Eric Conrad takes on a unique form of sculpture making with his new exhibition Rough and Tumble. Conrad’s new sculptures are made out of materials like used clothing, sports jerseys and colorful fabrics.

NAU Art Museum director George Van Cleve Speer said the art department reached out to art professors across the country who could provide contemporary artworks.

“We established the nature and depth of Conrad’s current work and offered him an exhibition,” Speer said. “He accepted and then developed his sculptures according to the physical demands of the museum. The sculptures are arranged by large, medium and small sizes at the exhibition.”

Speer said the uniqueness of Conrad’s sculptures is what intrigued the museum to offer him the exhibition. The non-art materials used in Conrad’s exhibition make his work stand apart from previous sculptures presented at the museum.

“I think the materials will be confusing for visitors at first,” Speer said. “These materials are out of the ordinary and are not what people expect when they go see art. It’s rare to see art made out of used materials like the ones Conrad used, but I think the materials will allow the visitors to reassess their communicative value about the sculptures.”

Senior Karla Habbershaw has worked at the museum since her sophomore year. She said Conrad’s exhibition is one of the most unique to be featured at the museum.

“In my opinion, the sculptures are really intriguing,” Habbershaw said. “The materials Conrad used gave me a nostalgic feeling, which made his work feel more approachable. The sculptures are fun and accessible because of the colors and usage of materials. Despite this, they are also awkward and challenging. Visitors will notice that some pieces tower over you, while others don’t even reach your knee. I think this represents a mixture of fragility and possibility.”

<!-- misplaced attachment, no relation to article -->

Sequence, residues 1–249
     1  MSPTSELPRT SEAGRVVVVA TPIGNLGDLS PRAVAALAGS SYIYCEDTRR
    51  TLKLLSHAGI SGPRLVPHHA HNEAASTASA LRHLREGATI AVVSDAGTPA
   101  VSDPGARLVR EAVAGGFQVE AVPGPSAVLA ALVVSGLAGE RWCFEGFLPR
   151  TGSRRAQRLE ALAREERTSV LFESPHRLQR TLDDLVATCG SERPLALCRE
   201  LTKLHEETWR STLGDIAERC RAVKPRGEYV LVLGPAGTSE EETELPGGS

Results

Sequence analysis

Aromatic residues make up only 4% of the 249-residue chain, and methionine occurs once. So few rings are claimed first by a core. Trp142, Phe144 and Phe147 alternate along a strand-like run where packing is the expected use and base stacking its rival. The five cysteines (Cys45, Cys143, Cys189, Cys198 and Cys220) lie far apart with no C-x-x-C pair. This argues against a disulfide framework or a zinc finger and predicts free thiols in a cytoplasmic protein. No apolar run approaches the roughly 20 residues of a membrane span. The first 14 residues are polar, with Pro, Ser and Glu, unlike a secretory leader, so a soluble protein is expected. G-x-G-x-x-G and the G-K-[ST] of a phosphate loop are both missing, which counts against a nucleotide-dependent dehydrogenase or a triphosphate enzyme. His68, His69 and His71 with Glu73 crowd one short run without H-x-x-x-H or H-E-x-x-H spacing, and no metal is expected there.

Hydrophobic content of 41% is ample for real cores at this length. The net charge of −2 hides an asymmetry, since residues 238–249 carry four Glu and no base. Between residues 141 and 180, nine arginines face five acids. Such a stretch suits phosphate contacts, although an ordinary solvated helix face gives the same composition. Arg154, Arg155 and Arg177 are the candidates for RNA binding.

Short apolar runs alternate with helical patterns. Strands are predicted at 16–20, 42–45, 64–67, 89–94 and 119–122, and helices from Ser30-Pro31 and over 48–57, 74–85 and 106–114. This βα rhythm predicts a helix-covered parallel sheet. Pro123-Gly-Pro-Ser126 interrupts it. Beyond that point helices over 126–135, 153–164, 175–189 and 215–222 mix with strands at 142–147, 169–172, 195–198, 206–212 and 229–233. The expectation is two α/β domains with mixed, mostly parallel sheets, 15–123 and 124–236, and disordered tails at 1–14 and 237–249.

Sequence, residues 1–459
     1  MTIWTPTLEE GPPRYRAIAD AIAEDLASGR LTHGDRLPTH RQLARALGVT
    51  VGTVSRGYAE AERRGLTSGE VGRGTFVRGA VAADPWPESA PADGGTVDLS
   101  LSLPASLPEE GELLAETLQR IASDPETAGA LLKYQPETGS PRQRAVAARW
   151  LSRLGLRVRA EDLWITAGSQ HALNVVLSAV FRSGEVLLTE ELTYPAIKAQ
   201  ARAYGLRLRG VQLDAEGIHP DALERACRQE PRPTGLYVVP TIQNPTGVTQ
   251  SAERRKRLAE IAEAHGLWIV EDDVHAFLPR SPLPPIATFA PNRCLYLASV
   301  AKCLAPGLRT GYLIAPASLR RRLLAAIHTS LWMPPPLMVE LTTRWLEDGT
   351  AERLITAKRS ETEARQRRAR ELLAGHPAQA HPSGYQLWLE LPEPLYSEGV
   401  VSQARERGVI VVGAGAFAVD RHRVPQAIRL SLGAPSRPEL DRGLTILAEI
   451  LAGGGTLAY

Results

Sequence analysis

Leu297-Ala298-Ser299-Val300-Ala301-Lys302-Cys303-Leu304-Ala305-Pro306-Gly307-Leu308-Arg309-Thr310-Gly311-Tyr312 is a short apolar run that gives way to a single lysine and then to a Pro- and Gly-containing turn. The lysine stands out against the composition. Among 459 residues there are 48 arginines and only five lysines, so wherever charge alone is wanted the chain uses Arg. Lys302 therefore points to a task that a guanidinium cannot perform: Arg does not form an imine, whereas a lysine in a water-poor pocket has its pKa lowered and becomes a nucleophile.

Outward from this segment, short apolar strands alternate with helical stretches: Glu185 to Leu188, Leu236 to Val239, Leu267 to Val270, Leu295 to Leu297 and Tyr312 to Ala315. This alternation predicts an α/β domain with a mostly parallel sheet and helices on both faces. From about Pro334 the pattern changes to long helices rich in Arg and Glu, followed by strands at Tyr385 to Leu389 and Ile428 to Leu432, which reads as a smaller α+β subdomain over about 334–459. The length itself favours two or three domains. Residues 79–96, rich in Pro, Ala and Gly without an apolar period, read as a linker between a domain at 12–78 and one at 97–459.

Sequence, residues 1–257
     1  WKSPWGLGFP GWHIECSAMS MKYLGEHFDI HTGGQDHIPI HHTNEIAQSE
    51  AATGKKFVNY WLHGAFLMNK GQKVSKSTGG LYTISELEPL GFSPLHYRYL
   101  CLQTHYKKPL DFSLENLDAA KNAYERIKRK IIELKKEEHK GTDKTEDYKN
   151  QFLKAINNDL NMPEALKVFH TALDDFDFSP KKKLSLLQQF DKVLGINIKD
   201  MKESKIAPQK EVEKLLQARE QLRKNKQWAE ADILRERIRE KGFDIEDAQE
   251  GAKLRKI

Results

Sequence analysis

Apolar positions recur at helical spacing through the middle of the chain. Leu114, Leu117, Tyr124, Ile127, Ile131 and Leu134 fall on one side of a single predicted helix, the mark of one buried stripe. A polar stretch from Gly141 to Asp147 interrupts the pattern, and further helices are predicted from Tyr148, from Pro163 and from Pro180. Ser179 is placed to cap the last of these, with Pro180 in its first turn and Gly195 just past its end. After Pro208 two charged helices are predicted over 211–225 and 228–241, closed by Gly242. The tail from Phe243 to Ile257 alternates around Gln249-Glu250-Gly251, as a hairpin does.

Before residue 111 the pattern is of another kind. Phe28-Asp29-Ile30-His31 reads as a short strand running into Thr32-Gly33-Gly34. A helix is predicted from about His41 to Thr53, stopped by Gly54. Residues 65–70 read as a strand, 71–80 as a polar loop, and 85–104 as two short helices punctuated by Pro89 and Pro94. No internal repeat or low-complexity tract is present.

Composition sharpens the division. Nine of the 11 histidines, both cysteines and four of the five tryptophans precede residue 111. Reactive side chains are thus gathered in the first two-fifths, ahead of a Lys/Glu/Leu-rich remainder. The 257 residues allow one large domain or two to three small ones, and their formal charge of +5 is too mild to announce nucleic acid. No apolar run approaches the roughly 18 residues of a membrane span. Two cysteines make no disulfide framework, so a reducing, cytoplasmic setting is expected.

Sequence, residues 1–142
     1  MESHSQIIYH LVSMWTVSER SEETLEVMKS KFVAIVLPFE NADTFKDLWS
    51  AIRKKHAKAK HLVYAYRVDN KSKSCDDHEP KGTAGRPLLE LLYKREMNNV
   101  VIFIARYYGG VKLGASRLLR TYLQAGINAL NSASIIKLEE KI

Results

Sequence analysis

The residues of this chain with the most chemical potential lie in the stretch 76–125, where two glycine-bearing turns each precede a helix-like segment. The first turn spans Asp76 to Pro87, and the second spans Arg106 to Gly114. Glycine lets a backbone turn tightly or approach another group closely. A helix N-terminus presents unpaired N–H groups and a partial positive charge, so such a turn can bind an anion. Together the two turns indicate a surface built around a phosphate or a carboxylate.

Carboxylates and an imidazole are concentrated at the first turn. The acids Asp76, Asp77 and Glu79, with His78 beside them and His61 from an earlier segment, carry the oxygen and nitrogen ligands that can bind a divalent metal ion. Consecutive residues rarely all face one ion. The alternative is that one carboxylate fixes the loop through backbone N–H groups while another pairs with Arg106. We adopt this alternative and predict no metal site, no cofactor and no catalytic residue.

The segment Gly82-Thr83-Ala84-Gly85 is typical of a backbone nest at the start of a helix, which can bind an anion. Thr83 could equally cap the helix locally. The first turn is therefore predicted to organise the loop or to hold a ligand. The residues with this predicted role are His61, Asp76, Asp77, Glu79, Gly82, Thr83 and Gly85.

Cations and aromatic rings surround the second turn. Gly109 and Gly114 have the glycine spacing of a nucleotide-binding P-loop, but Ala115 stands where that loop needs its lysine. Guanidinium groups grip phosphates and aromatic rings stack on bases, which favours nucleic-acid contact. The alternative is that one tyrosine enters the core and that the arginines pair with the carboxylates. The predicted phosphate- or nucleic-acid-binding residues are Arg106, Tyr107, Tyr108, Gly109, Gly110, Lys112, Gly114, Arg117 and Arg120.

Habbershaw said many students and local residents have attended the exhibition since it opened Sept. 10.

“I’ve seen some students come in and take notes on the exhibition for their classes,” Habbershaw said. “I think that this is a great exhibit for students to come explore. Even for people who aren’t students, I think these sculptures are worth the visit. This exhibition is for people who enjoy storytelling, sculptures and experimentation. For me, Conrad’s sculptures are fascinating, and I think others will feel the same way.”

Freshman Sharnette Hess said she attended the exhibition as part of her transition to college course. Students enrolled in the course were assigned to visit a part of Flagstaff or NAU that caught their attention.

“I chose to come to this exhibition, because I wanted to know more about the sculptures,” Hess said. “When I was reading about the sculptures, I was intrigued by the materials that Conrad used. The materials look old and worn out, which I’ve never seen in sculptures before. I wouldn’t think that an artist would use materials like these, but I think this aspect of the sculptures will catch a lot of people’s attention.”

Although Hess is not an art major, she said that viewing Conrad’s sculptures made her want to continue attending NAU art showcases. Hess said Rough and Tumble made her realize how important learning about art is.

“I really liked coming to see this exhibition,” Hess said. “I’ve always enjoyed viewing art, but these sculptures made me want to come back to the museum to see what new exhibitions they will have this year. I’m looking forward to learning more about art within the Flagstaff and NAU community.”

Hess said her favorite sculpture in the exhibition was called "No Name." This is one of the smaller pieces featured in the exhibition. She said this was her favorite piece because of the shape and the materials it is made of.

“I think what caught my eye about this piece is that the piece looks confusing at first, until you see that there are two animals kissing. When I first saw this piece, I was thrown off until I saw the animals. I interpreted this to mean that even though there can be chaos in life, there is always a bright side to things.”

Conrad’s Rough and Tumble exhibition will be on display at the NAU Art Museum until Nov. 23.